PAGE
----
Looking Ahead

Taken as a whole, these initiatives spanning architecture specifications, implementation integration and deployment, automated testing, and compliance badging provide a solid foundation to advance the telecom industry’s cloud native journey. Moving forward, the groups will continue alignment and collective integration with other related groups including the CNCF Telecom User Group (TUG), ETSI, the GSMA, and other open source and SDO groups. As 5G becomes more pervasive, telcos need to find new paths to adopt technologies in ways that did not exist five plus years ago when NFV came onto the scene. 

The community expects to issue two CNTT releases this year, with an updated Reference Architecture, Reference Model and Reference Conformance to start. Reference Implementations and more OVP Badging updates are also in the works. 

Additional Resources

About the Linux Foundation

The Linux Foundation is the organization of choice for the world’s top developers and companies build ecosystems that accelerate open technology development and commercial adoption. Together with the worldwide open source community, it is solving the hardest technology problems by creating the largest shared technology investment in history. Founded in 2000, The Linux Foundation today provides tools, training and events to scale any open source project, which together deliver an economic impact not achievable by any one company. More information can be found at www.linuxfoundation.org.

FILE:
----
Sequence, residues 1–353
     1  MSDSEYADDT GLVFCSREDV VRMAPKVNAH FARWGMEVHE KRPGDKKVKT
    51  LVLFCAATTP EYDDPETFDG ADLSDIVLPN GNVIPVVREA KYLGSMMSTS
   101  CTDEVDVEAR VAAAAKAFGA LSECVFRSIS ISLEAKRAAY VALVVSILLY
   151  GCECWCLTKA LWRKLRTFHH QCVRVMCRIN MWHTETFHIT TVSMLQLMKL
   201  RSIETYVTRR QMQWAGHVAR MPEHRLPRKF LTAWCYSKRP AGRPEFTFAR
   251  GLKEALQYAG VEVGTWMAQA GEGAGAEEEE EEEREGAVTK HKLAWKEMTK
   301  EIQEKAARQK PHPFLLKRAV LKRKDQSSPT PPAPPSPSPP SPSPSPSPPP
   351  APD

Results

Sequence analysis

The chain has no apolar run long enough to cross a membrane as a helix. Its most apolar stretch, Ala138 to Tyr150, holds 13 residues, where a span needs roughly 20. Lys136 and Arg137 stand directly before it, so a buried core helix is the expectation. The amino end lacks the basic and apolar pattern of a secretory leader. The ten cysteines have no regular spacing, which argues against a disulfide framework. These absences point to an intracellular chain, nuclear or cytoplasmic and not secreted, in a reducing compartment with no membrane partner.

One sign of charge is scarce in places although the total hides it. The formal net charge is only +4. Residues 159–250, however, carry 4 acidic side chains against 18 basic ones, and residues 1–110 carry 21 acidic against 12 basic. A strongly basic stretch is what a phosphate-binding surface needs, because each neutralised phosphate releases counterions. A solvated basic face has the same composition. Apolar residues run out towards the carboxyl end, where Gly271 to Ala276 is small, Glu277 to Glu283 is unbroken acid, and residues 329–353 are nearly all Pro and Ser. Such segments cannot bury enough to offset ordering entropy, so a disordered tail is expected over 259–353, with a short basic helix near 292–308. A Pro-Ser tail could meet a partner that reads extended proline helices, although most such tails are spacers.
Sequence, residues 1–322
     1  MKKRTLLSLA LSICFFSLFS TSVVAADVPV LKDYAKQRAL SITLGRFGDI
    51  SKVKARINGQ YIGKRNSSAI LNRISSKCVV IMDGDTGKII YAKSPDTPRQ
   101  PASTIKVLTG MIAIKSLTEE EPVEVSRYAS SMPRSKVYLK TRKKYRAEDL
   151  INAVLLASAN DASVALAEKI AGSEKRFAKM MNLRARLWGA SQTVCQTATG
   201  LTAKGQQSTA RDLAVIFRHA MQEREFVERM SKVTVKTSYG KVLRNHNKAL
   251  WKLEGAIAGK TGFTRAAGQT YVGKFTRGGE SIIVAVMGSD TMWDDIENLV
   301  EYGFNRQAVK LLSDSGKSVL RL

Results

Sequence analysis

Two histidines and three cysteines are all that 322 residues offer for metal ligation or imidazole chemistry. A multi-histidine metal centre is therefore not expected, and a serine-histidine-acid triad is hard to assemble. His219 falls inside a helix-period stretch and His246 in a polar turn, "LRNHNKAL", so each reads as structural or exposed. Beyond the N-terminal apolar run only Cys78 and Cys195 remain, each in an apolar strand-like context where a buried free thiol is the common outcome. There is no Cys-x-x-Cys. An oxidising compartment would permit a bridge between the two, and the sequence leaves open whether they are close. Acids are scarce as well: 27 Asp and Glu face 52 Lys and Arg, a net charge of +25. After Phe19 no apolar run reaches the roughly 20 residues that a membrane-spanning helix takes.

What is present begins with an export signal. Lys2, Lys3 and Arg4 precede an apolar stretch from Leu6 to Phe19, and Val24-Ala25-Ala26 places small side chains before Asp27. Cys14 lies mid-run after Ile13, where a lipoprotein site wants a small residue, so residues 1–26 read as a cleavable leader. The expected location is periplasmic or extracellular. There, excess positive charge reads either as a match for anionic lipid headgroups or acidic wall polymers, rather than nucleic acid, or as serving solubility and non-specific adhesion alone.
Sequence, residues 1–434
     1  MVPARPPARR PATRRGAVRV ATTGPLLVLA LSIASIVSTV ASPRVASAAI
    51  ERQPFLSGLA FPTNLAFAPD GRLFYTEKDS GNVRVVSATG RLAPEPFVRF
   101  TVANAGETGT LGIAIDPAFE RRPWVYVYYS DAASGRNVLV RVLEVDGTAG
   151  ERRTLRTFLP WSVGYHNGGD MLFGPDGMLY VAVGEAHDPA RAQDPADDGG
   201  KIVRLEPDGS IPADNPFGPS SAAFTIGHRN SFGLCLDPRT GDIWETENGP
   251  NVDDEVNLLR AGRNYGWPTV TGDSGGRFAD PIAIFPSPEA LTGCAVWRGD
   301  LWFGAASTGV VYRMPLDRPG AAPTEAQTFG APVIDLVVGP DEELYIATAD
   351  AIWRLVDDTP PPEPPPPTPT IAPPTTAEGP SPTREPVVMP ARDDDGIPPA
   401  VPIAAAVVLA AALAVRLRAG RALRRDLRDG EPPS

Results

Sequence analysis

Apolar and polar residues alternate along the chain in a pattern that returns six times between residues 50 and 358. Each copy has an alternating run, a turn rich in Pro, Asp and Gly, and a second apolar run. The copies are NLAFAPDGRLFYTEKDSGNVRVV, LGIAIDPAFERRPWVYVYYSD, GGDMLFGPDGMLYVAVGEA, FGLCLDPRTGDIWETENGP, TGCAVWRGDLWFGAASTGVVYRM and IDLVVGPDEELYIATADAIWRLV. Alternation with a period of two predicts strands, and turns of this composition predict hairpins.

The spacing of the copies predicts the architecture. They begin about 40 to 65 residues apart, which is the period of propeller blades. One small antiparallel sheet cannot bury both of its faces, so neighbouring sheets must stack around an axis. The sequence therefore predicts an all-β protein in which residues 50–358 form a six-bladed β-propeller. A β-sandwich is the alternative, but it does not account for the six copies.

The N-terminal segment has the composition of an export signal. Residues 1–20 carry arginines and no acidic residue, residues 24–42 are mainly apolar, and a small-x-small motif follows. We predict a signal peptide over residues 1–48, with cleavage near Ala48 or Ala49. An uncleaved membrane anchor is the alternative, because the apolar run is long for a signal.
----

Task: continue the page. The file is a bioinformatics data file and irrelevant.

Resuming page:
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The Linux Foundation has registered trademarks and uses trademarks. For a list of trademarks of The Linux Foundation, please see our trademark usage page: https://www.linuxfoundation.org/trademark-usage. Linux is a registered trademark of Linus Torvalds.

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Fact gathering: The first and most important task in software negotiations

Fri, 05/01/2020 - 00:31
Fact gathering: The first and most important task in software negotiations

When negotiating a software development agreement, and if the developers for both parties assume that the software will include many pre-existing components, the process will be inefficient and becomes a significant waste of time.

A whitepaper that provides guidance in negotiating software contracts that have open source components

Through the understanding of open source software development, this whitepaper can help procurement professionals and their legal counsel avoid making factual assumptions that will undermine their credibility and delay negotiations.

Author: Karen Copenhaver & Steve Winslow Download Now